I think we've gotten to number 2 (not number two/poo, but the second type of readiness listed above!) I think we are now practicing, without practicing, the Emotional part that is written in step 3.

As soon as I realized that the Bear knew when pee was coming I started really talking to him about it. I also began reading him the book, "Everyone Poops" which became a huge hit. I had him watch Papa pee as often as possile, so that he could understand it better by obsercing. He is actually really good at peeing standing and holding his penis while doing so, but he has only done that in the tub, not into the toilet but it's a safe place to practice that. I try my hardest to use my words around him because he can understand way more than he can verbalize. So I say things like, "Papa is peeing standing up and into the toilet. Pee comes out of his penis just like pee comes out of your penis." and "You are peeing out of your penis." If he has a wet diaper I say, "You made a pee pee."  or "You made a poo poo." Which now has become a conversation, "Little poo poo?"
"No, big poo poo."
"No, little."
"Actually, it's big."
"No, little."
"O.K. it's little."
"No, big."
Ha. Really, that's what the regular poo conversation is. And he always wants to look at the poo in his diaper.

Here he is "wiping" although he didn't pee or poop. Good practice though.
I have also placed his little potty in our bathroom right around the 18 month age, when he started being very aware of what was happening. In the beginning he would sit on there and never pee or poo. But he loved sitting on there, so I let him do it. He didn't pee in there until he was 2. When he became really interested in the potty (but still hadn't peed in there) my parents got him the book "Once Upon a Potty" which also became a favorite. When he finally peed in the potty I said something like, "You peed in the potty! Would you like to dump it in the toilet? Would you like to flush it down yourself?" He loves flushing. After that first time peeing in the potty I let him go diaperless in the house and told him that if he needed to pee or poop that he would have to run to the potty. That same day he peed in the potty 4 times! He wore his big boy undies after that but then peed in those. The next day, same thing but then he pooped on the ground. Woohoo! Next day he peed in the potty 2 times then I put him in a diaper and we went to buy more big boy undies which was exciting for him.

Here he is rolling around in his big boy undies.
Now, part of the time Stan B will voluntarily say, "Pee pee!" and run to the potty, attempt to take off his diaper (he can do it sometimes although not very gracefully) and pee perfectly into the toilet (he sits down). He has never tried pooping in there. I try to give him the option of a diaper or underwear on mornings that I have him at home. He probably chooses diaper 85% of the time.
Peeing, playing the harmonica and reading Once Upon a Potty - the ultimate multitasker.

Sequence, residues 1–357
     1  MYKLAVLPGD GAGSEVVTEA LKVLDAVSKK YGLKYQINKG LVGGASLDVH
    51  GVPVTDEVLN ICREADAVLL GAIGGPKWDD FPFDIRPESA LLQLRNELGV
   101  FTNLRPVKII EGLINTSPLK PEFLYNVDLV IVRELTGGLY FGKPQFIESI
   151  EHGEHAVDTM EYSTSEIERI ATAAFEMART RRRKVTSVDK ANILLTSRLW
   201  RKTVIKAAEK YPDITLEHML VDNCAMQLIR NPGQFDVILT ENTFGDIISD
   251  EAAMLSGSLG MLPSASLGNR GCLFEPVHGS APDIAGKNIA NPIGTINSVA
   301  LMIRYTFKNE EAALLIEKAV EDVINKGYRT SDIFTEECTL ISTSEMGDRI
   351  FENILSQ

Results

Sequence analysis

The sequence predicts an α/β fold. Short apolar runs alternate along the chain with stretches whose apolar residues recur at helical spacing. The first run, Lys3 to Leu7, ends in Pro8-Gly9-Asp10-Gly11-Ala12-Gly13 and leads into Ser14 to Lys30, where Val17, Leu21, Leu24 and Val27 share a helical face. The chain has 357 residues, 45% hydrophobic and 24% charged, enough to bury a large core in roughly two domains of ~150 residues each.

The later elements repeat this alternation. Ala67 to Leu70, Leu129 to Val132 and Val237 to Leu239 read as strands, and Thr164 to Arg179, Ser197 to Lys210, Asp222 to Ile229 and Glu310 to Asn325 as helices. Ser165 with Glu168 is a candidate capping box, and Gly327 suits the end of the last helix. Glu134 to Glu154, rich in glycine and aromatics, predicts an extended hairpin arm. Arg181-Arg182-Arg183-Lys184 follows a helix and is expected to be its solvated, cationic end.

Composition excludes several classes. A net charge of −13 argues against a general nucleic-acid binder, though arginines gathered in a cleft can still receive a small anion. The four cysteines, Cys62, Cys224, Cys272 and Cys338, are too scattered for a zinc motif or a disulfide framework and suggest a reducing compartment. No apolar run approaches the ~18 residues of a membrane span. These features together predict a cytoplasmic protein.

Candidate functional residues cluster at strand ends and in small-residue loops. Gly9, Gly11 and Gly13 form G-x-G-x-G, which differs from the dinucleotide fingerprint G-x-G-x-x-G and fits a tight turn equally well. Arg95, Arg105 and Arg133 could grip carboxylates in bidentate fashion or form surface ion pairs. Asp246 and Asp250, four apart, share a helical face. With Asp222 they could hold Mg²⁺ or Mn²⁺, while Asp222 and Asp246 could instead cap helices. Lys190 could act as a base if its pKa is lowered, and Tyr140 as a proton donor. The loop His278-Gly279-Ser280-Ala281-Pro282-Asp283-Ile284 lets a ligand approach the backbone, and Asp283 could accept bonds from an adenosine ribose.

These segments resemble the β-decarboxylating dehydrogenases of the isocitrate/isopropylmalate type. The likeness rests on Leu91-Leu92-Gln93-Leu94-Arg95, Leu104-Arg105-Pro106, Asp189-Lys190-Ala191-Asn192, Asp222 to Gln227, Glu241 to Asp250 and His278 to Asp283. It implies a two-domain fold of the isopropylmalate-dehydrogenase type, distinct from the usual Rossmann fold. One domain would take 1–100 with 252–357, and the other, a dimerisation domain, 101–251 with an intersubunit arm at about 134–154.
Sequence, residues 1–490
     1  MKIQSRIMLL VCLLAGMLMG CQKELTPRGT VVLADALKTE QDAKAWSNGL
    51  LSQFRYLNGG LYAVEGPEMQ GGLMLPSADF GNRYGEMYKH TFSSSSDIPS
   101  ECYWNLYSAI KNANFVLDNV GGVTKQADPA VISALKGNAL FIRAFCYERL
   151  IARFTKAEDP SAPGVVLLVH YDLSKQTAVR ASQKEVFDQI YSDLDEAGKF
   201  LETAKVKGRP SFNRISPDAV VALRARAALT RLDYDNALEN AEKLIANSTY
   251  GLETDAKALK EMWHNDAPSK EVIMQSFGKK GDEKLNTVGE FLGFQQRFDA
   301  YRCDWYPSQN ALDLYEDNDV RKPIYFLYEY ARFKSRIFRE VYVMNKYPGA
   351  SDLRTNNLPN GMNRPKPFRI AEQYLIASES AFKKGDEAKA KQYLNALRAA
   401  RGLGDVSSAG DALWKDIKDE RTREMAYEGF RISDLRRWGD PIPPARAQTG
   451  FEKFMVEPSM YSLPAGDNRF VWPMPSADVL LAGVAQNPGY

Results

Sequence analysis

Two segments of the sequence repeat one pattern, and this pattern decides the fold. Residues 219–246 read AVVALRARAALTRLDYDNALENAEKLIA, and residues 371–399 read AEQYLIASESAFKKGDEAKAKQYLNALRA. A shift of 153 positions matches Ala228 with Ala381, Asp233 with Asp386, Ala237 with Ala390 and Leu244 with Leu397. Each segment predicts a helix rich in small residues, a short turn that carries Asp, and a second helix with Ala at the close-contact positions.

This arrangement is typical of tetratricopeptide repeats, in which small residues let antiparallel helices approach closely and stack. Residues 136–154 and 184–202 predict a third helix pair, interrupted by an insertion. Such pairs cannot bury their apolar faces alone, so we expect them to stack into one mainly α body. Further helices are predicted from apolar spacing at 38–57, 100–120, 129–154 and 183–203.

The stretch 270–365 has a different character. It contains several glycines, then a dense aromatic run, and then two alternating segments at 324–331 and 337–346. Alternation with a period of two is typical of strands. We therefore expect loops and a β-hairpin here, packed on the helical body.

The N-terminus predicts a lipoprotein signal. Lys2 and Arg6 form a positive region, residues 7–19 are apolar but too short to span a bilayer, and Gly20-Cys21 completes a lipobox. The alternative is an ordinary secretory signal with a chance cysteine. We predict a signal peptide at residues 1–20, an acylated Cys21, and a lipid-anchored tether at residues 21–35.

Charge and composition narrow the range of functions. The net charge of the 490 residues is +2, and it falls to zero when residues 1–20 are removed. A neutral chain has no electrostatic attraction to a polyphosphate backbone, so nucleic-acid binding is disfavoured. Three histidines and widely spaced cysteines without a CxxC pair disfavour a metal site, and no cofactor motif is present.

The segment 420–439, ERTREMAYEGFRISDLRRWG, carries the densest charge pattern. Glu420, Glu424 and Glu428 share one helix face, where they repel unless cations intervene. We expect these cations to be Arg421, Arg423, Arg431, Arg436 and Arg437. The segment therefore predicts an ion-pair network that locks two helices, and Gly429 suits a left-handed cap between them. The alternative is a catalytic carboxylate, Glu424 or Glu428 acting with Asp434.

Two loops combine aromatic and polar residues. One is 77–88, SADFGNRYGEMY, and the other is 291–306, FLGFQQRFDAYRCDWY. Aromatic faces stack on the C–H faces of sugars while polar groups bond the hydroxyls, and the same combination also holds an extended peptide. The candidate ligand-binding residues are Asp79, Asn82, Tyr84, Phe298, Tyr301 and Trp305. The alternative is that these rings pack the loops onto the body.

He doesn't love having his poopy diaper changed. Sometimes he will sit in it and not let me change it for awhile. I try to explain to him that it would feel more comfortable if we changed right away. I also tell him that if he wants he can try pooping in the potty instead of in a diaper. I try not to make him feel embarrassed either way. I want him to feel comfortable and confident in his choices.

I will keep you abreast on the pooping and peeing. I know you are thankful for that. Teehee.

Tuesday, October 21, 2014

Wreaking Havoc at the Mall

Lying down in front of a display of flip flops in Old Navy.
Someone is obsessed with shoes and his name is Stan B.

Sometimes we go to the mall and walk around. His favorite thing to do is to try on shoes. He always chooses something from the girl section (he's really drawn to pinks and purples). There are two shoe stores that we frequent. In this one he tried on a pair of cleats:
He loved them. He walked up and down the aisles and then before I knew it he was OFF! He split, right out of the store and into the mall! Apparently this happens a lot with the toddler set; that is what the shoes salesperson said anyways.

At the other store he tried on these pink, purple and blue numbers:

If I had the cashflow I would have purchased them for him as they were super fly. And after walking around the store in them he was OFF! He split, right out of the store and into the mall! AGAIN. I got my exercise that day.

Here he is on his way out.
At the Old Navy he LOVES the mannequins. He goes up to each one and grabs the legs and gives them a gentle shake. Or sometimes he'll just stand there and stare at them. I think I was mesmerized with mannequins when I was little too. They also have a coloring table in the Old Navy. One day instead of coloring he would take all of the crayons out of the silver bowl and then put them back in and say, "poo poo" over and over again. It was hilarious. And then he discovered that the bowl could be taken out of the table. Have a watch below: